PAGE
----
By Sam Shephard
Directed by Sam Shephard
Venue: Almeida Theatre
Date: Saturday 13th September 2008
This was something of a disappointment. I’ve liked Sam Shepard’s work before – the Almeida did an excellent production of The Late Henry Moss in 2006 – and Stephen Rea is a very good actor, but this play just wasn’t good enough to keep me involved, never mind entertained, for all of seventy minutes.
It’s a surreal piece, dealing with the ‘death’ of the Old West. We see this through the eyes of an art critic who’s come out to the middle of nowhere to get back to his roots, only to have his horse keel over and die once they’re well out of sight of civilisation. The play isn’t exactly a monologue, as Stephen Rea’s character, Hobart Struther, speaks from at least two points of view, the optimistic one who wanted to come back, and the inner critic who’s always wise after the event. He did use different voices for these two aspects of himself, although occasionally I found they weren’t differentiated enough.
The set was excellent. At the start, there’s a blank curved back wall, and several mounds on the stage, with what looked like a plain sheet draped over them. At the very start of the play, some piano music starts up, and as the lights come on, I could see that the cloth on the stage was blue. It begins to slid back, revealing what’s under the mounds, and as I watched, I got the impression the cloth was dancing to the music. It certainly seemed to move in rhythm, and I kept my eyes on it till the last corners flicked down at the back of the stage.
Still on the stage were two mounds of earth (they could have been boulders, but as there was a big pit between them, and no other sign of the contents, I assume the mounds were that dirt), the aforementioned pit right of centre, a dead horse lying behind the pit with its back to us and its head to our left, and a saddle, saddlebags and other riding accoutrements to the left of the stage. Along the back wall were the gentle outlines of American western scenery, looking very distant.
There’s some noises and dirt flying out of the hole, and then the man himself emerges, slowly. He’s not happy with his horse, and kicks it several times through the play, each time accompanied by a drum beat which sounds slightly metallic, like the horse had a steel drum inside it. He tells us his story – art critic, made a lot of money spotting the ignored paintings in pubs and bars out west, and finally he chucks it all in to come back out west, where he was brought up, to become “Authentic” again. Trouble is, his horse dies after some oats went down the wrong way and choked him. So now he’s burying it. Only it refuses to be buried, according to him. Me, I thought he was the one with the problem.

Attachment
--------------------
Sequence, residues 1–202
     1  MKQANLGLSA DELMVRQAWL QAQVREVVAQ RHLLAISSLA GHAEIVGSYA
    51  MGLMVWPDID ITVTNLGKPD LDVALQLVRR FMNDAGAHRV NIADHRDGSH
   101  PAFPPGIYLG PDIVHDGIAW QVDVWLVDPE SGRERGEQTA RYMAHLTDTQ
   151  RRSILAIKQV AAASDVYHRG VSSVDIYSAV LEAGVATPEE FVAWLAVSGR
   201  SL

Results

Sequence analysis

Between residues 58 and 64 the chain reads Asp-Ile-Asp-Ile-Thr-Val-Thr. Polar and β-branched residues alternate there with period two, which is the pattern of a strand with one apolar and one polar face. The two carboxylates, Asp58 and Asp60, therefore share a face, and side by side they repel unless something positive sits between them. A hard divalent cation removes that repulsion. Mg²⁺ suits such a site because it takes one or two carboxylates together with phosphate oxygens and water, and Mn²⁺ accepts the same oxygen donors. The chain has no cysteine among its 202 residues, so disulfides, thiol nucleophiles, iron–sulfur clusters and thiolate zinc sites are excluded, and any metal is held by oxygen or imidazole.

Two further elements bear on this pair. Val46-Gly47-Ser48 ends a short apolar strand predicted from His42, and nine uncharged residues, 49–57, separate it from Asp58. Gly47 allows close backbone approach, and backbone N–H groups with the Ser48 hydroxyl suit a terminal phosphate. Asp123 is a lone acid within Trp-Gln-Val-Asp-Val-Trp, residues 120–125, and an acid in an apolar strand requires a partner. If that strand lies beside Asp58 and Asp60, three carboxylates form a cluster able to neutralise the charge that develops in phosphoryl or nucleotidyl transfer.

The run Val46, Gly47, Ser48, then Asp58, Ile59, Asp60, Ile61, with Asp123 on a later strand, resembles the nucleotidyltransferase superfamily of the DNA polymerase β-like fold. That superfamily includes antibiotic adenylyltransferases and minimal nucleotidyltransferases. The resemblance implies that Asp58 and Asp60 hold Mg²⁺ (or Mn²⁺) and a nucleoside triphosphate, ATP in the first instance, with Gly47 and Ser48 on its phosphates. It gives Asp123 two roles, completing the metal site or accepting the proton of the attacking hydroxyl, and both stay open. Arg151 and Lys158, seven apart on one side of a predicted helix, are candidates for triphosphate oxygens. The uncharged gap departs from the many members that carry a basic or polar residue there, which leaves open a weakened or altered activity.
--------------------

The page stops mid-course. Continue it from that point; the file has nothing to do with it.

His voices talk him into throwing his western gear into the pit before putting the horse in, including his hat, which I thought was a bit silly. Later, as he scans the horizon with his binoculars, singing a gratingly awful song, a woman glides serenely out of the pit, wearing the hat, and after standing there for a while, unnoticed, puts the hat on his head and glides back into the pit again. Don’t ask me what that was about – I haven’t a clue. She was wearing a slip and nothing else, apart from the hat. I found the song so annoying I was even considering leaving, so it had to be bad.
Finally, with the hat returned to the pit, he gets his rope round the horse’s ankles, and hauls it over onto its back. After a bit more ranting and raving amongst his various selves, he decides to rescue the hat again, and as he’s down there, the horse topples in on top of him. End of play, thank God. It was pretty obvious from a long way out what was going to happen, so stretching it out so long was pointless.
There were some good bits. I liked the set, and there were some fun lighting changes, driven by Struther himself. He mentioned it being sunset, and lo, it was sunset. Later he brought about a similarly swift change to daytime. He produced a tent with a mind of its own, and we got some laughs when it kept collapsing. Enjoyable though this was, it’s never a good sign when the props are more entertaining than the cast and dialogue. I also liked the horse well enough, and almost felt like cheering when it fell into the grave.
Stephen Rea’s accent was unusual. I thought I could hear a lot of Irish creeping back into it, but I don’t know if that was intentional. After all, the author himself directed the piece, and presumably he knew what he wanted. The delivery was so monotonous, though, that I didn’t really care; I just wanted it to be over. This was more Beckett than Shepard, and not one I’ll see again in a hurry.
© 2008 Sheila Evans at ilovetheatre.me